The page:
I have always loved oatmeal. It’s delicious, filling, and a very nice start the day. Recently though I discovered exactly how much sugar most instant oatmeal contains. For instance, my previous favorite, Quaker Oat’s Apple & Cinnamon contains 12 grams of sugar per serving. It may not seem like a lot, but for contrast a single Krispy Kreme original glazed doughnut contains only 10 grams of sugar. I never thought of my oatmeal as having more sugar than a doughnut, but that is the case.
After realizing this, I decided to search for a less sugar filled alternative to my favorite breakfast. That is when I discovered steel cut oats. Steel cut oats are groats (the hulled portion of the oat) that are loosely chopped into several pieces instead of rolled with a rolling pin device, which is how instant oats are processed. As a result, the oats are randomly shaped, but could best be described as rice cut in half. Steel cut oats, in addition to being less processed than instant oats, have less ingredients added to them. As a result, the steel cut oats I purchased have less than a gram of sugar per serving.
The downside to the steel cut oats size is the length of time it takes to cook these oats. The long cook time resulted in me looking for a simple alternative. This is exactly what I found, and can be seen below.
So today is Meatless Monday, and I have every intention of having a delicious vegetarian meal today. I have leftover kale from a dish I made yesterday, and I wanted to eat what was left before it was wasted. That is why I chose to make a kale based pesto.
Pesto has always been one of my favorites because it is so versatile. Once the pesto I made today was completed, I started by simply putting a light spread on a slice of whole wheat bread. It was great, and I was already hungry so it helped tide me over while the noodles were still cooking. The recipe you see below will make a relatively large amount of pesto, more than I can eat in one sitting as an individual, but you need not worry! The pesto is easy to store and can be eaten in the future.
So now, without further ado, Kale Pesto with Linguine.
3 oz pine nuts, toasted
3 oz Parmesan, coarsely grated (plus extra to serve)
3 garlic cloves
3 oz kale
1/3 cup extra-virgin olive oil
1/3 cup olive oil
Juice 1 lemon
Linguine, to serve
Combine: pine nuts, Parmesan, garlic, oils, kale, and lemon juice in a food processor and blend to a paste. Season to taste
Cook desired amount of linguine following the instructions supplied by the box.
Stir the pesto through the hot pasta to serve, topping with extra Parmesan and oil, if you like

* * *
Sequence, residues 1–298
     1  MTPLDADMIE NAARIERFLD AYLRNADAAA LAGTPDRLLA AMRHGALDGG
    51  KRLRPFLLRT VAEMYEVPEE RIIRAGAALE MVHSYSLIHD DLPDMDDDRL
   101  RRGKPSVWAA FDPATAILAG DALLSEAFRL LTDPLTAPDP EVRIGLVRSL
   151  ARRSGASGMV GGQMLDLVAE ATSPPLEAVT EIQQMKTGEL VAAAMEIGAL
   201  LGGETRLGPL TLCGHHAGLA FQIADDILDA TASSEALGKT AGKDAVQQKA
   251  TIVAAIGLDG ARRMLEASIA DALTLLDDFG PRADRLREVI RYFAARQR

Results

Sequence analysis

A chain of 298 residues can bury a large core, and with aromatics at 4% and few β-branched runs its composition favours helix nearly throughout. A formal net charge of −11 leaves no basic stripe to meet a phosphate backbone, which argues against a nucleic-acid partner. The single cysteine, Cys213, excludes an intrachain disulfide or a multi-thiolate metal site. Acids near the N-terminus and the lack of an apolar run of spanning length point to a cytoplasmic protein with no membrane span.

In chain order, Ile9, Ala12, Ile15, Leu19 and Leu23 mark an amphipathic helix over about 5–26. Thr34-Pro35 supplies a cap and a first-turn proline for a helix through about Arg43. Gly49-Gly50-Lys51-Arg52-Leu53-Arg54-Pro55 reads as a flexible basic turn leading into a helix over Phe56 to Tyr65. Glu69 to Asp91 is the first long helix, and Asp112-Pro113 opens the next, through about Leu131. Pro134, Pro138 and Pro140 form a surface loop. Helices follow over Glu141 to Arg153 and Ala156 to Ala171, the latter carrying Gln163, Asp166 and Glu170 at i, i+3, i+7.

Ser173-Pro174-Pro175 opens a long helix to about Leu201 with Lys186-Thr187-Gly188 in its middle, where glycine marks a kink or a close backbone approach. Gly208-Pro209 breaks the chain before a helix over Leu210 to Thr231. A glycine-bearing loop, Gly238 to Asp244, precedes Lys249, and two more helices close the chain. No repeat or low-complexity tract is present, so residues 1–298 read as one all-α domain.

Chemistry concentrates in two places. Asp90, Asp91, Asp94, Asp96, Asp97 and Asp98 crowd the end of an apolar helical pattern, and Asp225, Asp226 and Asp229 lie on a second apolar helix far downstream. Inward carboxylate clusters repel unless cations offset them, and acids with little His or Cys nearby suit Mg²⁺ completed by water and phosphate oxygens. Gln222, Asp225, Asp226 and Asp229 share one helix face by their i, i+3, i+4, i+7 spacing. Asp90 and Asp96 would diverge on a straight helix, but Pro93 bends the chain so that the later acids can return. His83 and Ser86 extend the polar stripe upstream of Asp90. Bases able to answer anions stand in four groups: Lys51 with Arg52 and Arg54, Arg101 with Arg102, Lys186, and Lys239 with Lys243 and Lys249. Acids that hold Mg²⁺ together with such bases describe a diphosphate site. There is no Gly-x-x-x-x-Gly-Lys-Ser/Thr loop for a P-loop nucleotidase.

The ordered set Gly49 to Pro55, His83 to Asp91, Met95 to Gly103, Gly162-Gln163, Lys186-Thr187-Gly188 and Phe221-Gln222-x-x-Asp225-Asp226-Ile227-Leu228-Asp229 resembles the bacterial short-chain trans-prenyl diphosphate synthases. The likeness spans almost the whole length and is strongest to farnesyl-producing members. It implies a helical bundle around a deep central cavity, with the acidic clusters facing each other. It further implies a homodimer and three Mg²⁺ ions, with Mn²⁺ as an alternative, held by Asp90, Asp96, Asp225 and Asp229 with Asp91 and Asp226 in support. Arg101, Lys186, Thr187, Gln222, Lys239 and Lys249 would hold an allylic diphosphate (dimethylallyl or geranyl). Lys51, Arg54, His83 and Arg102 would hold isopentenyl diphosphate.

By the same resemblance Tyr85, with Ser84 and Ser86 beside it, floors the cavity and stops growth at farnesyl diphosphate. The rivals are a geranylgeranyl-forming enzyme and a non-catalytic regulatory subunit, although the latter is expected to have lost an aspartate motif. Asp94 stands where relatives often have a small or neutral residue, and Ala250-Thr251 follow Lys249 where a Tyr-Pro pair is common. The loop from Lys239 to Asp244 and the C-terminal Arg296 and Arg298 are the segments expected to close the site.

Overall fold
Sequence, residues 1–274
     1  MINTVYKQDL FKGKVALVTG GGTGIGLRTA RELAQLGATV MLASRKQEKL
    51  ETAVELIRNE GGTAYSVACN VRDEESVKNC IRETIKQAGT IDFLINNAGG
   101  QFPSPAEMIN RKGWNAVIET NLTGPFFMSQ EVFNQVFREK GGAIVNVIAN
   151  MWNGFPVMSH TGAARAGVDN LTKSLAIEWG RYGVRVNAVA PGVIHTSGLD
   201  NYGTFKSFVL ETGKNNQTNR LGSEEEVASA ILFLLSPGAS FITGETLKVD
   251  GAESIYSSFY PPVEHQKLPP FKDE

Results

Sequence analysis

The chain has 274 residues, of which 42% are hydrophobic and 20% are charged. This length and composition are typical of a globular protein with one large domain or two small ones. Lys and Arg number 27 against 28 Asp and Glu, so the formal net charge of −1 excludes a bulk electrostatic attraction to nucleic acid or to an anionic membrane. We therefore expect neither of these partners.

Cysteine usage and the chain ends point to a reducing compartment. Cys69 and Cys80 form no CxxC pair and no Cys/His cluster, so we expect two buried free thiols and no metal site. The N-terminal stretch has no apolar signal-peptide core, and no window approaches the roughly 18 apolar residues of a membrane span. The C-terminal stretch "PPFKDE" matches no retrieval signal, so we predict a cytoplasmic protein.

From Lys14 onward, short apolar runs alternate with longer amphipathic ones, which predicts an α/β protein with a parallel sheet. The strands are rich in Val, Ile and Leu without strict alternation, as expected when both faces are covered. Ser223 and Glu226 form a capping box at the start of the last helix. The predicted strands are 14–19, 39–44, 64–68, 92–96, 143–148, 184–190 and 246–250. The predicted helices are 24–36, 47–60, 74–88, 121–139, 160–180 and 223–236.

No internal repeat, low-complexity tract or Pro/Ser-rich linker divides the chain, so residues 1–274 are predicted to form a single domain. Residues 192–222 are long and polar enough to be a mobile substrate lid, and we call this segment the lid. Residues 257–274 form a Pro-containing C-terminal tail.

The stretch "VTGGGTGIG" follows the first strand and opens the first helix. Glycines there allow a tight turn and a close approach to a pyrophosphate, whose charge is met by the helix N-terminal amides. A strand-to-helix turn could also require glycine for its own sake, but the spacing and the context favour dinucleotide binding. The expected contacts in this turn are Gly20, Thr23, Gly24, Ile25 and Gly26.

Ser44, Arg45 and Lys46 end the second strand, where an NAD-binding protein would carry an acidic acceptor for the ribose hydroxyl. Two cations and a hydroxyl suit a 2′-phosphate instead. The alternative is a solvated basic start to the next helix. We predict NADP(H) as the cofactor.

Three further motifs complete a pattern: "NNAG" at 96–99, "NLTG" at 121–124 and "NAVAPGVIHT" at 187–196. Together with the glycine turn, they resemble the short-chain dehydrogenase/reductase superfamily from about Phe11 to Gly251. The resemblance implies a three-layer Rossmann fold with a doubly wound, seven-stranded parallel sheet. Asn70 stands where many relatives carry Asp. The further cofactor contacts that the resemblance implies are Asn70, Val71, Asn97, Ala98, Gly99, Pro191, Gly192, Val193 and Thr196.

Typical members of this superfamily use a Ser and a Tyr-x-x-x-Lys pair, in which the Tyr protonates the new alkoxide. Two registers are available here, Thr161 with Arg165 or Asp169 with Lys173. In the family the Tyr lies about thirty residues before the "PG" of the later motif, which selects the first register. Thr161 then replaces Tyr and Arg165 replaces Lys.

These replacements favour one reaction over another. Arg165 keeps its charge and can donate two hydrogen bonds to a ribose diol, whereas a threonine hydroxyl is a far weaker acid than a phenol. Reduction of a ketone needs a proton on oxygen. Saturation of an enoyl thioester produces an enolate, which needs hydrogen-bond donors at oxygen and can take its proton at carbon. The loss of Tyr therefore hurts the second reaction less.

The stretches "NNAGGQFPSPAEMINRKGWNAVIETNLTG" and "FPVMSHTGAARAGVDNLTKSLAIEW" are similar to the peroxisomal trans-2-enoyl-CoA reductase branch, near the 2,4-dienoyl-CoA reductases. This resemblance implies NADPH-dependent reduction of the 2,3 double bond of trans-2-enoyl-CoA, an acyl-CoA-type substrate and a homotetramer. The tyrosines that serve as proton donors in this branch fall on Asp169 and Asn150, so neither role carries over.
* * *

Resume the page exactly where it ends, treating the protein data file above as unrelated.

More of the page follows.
Place the pesto in a container or jar, cover the surface with a little more olive oil and keep in the fridge for a week, or freeze for up to a month.
Parmigiano-Reggiano (or for the average American like myself, Parmesan) is not vegetarian. If you’ve been a vegetarian for a long time, this may not come as news to you, but if you are new to the vegetable diet like myself, this may be a shock to you. You see, Parmesan cheese is made up of a differing amount of ingredients which can be combined in a whole host of different ways depending upon who is making it. The only exceptions to this are three main ingredients which are required in order to actually call Parmesan cheese…well…Parmesan.
These three ingredients are cow milk, salt, and calf rennet.
The first two of these ingredients are very clear and so I won’t go into detail with them, but rennet, for those who do not know is, “an enzyme derived from the stomachs of calves, lambs or goats before they consume anything but milk” (Cheesemaking.com). It is used to curdle the milk to turn it into cheese, and as I have mentioned, is a required ingredient for Parmesan cheese. I won’t fully describe how rennet is obtained (if you wish, it is easily found online) but the animal does in fact have to die for the rennet to be acquired. This fact alone is enough for me to know I no longer wish to consume products which utilize rennet.
For those of you who still wish to be vegetarian AND eat Parmesan cheese, fear not! There is an alternative that exists for people just like you…and me. It turns out rennet can be created using fungi, or other genetically modified micro organisms instead of using the enzymes found in a calf’s stomach. The three main rennet producers are Rhizomucor miehei, Endothia parasitica and Rhizomucor pusillis, and it is now relatively easy (although slightly more expensive) to purchase a Parmesan cheese which is made from one of these three organisms instead of calf rennet.
In fact, I have done this now, and to be entirely honest I cannot even tell the difference. You can now continue eating your spaghetti and other Parmesan covered plates knowing full well that no animals were harmed in the making of your fine dish…As long as you quickly replace your Parmesan with the vegetarian alternative…